Making decisions based on numbers alone is not the way the business world works. There are qualitative and quantitative risks that cannot be ignored but, of course, decisions and data do need to be aligned.
3. Everyone is a Risk Manager
There is no sector of the investment management industry that is immune from risk management. Due diligence meetings increasingly focus on what asset managers, banks and other service providers are doing to manage their risks. Pension committee members are being asked to account for how they select managers and investments with more details about prudent process. Donors are reluctant to give money to non-profits without assurances that risks are under control. Auditors are tasked to ensure that models for hard-to-value instruments are regularly monitored for appropriateness. Board members and compliance officers are in the spotlight for their oversight of risk-taking and the extent to which investors are kept abreast about controls.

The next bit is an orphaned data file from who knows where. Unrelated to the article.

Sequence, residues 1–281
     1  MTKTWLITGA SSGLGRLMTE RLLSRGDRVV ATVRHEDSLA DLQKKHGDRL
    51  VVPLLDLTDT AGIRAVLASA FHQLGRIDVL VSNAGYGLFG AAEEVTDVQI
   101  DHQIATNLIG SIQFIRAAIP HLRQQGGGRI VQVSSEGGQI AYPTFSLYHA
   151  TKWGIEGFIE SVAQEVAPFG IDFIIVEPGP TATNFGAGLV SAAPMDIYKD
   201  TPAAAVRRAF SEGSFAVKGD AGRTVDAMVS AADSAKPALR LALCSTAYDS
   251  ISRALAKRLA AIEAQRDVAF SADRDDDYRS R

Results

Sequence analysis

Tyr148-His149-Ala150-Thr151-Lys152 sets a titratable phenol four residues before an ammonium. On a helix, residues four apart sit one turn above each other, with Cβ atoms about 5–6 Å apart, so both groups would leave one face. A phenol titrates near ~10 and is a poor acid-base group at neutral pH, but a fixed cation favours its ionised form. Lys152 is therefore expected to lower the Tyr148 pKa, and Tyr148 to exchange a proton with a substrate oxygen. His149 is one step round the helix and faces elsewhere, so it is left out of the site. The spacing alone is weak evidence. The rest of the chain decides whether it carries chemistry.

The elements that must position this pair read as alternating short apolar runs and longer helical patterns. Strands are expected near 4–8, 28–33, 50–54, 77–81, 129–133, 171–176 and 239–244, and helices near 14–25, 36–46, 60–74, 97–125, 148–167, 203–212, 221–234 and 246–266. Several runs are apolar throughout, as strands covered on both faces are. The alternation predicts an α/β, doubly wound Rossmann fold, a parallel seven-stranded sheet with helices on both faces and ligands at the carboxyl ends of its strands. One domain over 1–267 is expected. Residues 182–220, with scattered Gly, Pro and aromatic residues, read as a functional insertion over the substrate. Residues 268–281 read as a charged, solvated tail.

Risk management is an important means to an end. It is in everyone’s best interest to identify, measure, manage and monitor risks. Otherwise, it comes down to being lucky or not. Try explaining whim to investors, shareholders, taxpayers, litigators and/or regulators.
In addition to a plethora of articles about risk management and valuation, Susan Mangiero, PhD, CFA, FRM is the author of Risk Management for Pensions, Endowments and Foundations. She is busy at work on a new book about investment risk governance. Mangiero is the architect behind an award-winning, syndicated blog found at www.pensionriskmatters.com. A second blog found at www.goodriskgovernancepays.com focuses more broadly on investment risk governance for all types of institutional investors and their advisors and attorneys.
Contributed by Susan Mangiero, PhD, Investment Risk Governance Consultant and Author